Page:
The Grantville City Council presented the fiscal year 2021 budget at its Monday night and the city has already reduced expenditures by approximately $282,000 to balance the budget, according to City Manager Al Grieshaber.
The budget has expenditures totaling $2,647,853 and revenue totaling, $2,131,046. Other financing sources, such as the municipal court fund and utility funds, will cover the remaining $516,807 to balance the budget.
Grieshaber said the fiscal 2021 budget was prepared using the current millage rate of 5.945 mills.
Grieshaber said the budget cuts were made prior to the budget being presented to council Monday night. He said the reduced expenditures were also made “in light of the anticipated cost increases in the cost of goods, materials, supplies and labor.”
Grieshaber said the budget also contains estimated expenditures the city has no control over, such as health insurance, property and casualty, and general liability insurance, workers compensation insurance, Social Security FICA contributions and Medicare.
“The fiscal year 2021 Budget also contains estimated expenditures that the city is legally obligated to provide such as indigent defense and deaf interpreters,” Greishaber said. “Additionally, the budget contains estimated expenditures, cost increases from vendors, that we do not control such as dues and fees, supplies, communications (police); printing and binding, uniforms, animal control, utilities, postage, advertising and food.”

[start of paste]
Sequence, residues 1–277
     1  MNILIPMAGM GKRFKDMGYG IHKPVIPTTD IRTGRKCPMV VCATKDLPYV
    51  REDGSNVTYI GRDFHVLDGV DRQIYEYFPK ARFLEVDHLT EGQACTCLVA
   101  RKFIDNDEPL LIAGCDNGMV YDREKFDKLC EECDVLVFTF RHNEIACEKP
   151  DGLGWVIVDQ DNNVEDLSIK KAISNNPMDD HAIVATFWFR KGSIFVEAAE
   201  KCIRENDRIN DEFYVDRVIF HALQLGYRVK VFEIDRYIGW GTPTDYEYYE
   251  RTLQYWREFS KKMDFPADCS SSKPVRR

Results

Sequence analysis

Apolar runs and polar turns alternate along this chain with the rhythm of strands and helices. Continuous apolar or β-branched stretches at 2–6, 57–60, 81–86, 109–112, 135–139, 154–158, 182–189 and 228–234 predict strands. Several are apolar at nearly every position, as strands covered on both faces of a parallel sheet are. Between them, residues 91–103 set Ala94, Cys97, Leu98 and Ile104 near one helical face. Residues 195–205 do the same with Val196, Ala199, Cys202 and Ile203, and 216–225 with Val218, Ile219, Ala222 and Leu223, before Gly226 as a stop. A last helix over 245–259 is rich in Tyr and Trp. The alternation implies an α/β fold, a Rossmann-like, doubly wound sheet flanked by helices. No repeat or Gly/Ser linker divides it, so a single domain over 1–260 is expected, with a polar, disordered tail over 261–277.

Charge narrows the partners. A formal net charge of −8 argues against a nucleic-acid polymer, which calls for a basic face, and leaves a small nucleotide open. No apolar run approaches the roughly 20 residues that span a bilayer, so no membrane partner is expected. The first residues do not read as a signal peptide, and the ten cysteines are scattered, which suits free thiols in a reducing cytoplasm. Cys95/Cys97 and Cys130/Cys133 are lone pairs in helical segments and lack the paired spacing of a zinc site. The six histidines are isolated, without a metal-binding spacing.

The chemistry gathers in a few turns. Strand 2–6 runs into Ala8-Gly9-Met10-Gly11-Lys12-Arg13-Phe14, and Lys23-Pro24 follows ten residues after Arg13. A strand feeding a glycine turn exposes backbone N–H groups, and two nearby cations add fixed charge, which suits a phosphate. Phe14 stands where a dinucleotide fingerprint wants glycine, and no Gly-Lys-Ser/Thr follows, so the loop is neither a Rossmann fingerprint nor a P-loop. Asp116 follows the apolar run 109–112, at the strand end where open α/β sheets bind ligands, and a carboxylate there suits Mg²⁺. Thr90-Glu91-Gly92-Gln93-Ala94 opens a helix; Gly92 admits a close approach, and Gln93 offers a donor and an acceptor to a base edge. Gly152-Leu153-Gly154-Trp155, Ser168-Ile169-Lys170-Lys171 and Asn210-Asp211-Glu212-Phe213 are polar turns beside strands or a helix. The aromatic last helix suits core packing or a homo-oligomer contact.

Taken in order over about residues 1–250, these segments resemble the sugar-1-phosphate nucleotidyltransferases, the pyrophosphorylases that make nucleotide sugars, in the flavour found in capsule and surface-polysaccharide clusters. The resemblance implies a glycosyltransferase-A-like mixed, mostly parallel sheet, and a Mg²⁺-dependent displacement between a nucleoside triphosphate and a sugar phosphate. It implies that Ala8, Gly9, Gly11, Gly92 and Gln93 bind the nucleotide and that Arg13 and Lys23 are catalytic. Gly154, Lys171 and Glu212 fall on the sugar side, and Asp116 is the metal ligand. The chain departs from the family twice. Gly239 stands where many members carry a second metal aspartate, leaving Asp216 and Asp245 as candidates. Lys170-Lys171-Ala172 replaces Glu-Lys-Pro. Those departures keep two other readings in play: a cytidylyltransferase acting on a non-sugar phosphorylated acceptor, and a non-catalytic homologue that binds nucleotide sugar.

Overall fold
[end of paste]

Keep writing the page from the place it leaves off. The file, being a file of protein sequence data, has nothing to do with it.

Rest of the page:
Grieshaber said the budget was prepared to provide residents with the same services as last year, but to reduce expenses, there must be some reduced expenditures. Grieshaber said the city council recently approved the Enterprise Fleet Management Program, which will provide savings in the procurement of vehicles and repairs and maintenance of vehicles.
Grieshaber said COVID-19 has also caused some issues in the budget and economy.
“To further reduce expenditures, you have to reduce service delivery such as closing the Senior Center one day a week, less grass cutting, fewer police patrols and less utility maintenance to name a few,” he said. “However, no one is advocating a decline in service delivery. We want to provide the same level of service delivery that our residents expect and deserve.”
The council will vote on the proposed budget at its Aug. 24 meeting.
City administration is proposing that the city keep the millage rate of 5.945. Because the city’s tax digest – the total value of all property in the city – has increased by almost $11 million, the millage rate will bring in $64,702 more than it did last year.
That means keeping the same millage rate is equivalent to a 20 percent tax increase.